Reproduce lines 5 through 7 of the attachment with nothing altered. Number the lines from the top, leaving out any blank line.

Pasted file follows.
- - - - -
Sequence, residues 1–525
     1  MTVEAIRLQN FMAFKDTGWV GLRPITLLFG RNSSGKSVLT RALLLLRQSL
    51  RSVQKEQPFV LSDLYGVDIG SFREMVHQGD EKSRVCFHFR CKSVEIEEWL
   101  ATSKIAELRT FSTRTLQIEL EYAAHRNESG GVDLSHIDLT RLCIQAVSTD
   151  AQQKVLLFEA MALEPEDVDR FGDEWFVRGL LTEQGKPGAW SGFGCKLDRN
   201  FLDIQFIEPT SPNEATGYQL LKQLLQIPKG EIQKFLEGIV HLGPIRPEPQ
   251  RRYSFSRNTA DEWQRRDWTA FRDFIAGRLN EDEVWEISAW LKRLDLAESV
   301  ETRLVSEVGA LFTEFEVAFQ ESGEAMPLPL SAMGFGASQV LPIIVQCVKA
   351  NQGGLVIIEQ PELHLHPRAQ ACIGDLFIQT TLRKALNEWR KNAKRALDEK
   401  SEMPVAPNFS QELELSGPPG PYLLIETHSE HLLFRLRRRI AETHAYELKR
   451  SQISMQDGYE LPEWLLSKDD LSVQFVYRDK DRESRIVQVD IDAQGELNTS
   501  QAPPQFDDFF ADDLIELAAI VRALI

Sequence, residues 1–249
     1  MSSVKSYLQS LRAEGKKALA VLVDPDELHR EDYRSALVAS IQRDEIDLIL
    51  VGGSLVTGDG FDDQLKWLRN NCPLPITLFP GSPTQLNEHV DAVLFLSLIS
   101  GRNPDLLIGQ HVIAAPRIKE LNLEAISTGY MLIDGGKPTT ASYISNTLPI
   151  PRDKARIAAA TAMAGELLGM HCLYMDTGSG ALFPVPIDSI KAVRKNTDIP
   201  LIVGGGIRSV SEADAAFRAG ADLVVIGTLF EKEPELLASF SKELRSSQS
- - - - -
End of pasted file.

   151  AQQKVLLFEA MALEPEDVDR FGDEWFVRGL LTEQGKPGAW SGFGCKLDRN
   201  FLDIQFIEPT SPNEATGYQL LKQLLQIPKG EIQKFLEGIV HLGPIRPEPQ
   251  RRYSFSRNTA DEWQRRDWTA FRDFIAGRLN EDEVWEISAW LKRLDLAESV